Annotation: This author makes the argument that the history of human rights in Latin America is in its infantile stages, and can best be interpreted as an intersectional discipline that has its largest wealth of information when studied at a transnational level of analysis. Through a comparative study of two works, Human Rights and Transnational Solidarity in Cold War Latin America by Jessica Stites Mor and James N. Green’s We Cannot Remain Silent: Opposition to the Brazilian Military Dictatorship in the United State, Kelley unravels the rich history of human rights in Latin America that can best be interpreted through a comparative, transnational framework of analysis. Moreover, he frames each work in two differing ways: on the national level of analysis and on the transnational level of analysis, to show how these two lenses lay in contradistinction to each other, and that as scholars, we are only limiting our understanding of the history of human rights in Latin America if we choose to bound our analysis to merely a national, individual, or local level. This article is insightful to the study of human rights in Latin America, as it expands upon the already existing structures by which to analyze human rights history.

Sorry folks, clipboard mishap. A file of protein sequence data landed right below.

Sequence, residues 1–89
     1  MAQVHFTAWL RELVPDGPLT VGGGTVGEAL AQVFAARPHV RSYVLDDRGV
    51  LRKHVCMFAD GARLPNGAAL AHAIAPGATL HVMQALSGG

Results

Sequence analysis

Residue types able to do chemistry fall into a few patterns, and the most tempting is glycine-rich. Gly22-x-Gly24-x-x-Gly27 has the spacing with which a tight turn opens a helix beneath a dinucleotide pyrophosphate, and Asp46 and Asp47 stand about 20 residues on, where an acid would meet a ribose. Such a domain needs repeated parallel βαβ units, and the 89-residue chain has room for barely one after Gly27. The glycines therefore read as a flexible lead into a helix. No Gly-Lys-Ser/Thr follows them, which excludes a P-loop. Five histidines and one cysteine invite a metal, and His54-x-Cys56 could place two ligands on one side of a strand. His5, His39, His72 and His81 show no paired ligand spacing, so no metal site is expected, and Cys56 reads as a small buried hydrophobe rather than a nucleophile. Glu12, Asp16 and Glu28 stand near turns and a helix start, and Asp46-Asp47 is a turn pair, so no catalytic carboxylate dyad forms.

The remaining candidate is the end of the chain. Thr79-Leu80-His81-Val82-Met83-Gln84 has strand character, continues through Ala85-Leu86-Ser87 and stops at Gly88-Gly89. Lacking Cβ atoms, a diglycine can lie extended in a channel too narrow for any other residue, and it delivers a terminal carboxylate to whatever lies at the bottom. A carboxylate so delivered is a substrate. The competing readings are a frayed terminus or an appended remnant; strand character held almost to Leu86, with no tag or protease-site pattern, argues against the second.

Tags: Brazil, transnational, torture, human rights, Cold War, Latin America, 1970s.
I selected this image to accompany Kelley’s annotation because it appeared on the top of The Yale Review of International Studies, published by Paulo Coelho Filho in the February 2012 edition. The image is in an article that exposes the brutality of the military government in Brazil, a topic Kelley tackles as well.
By Jack Mizes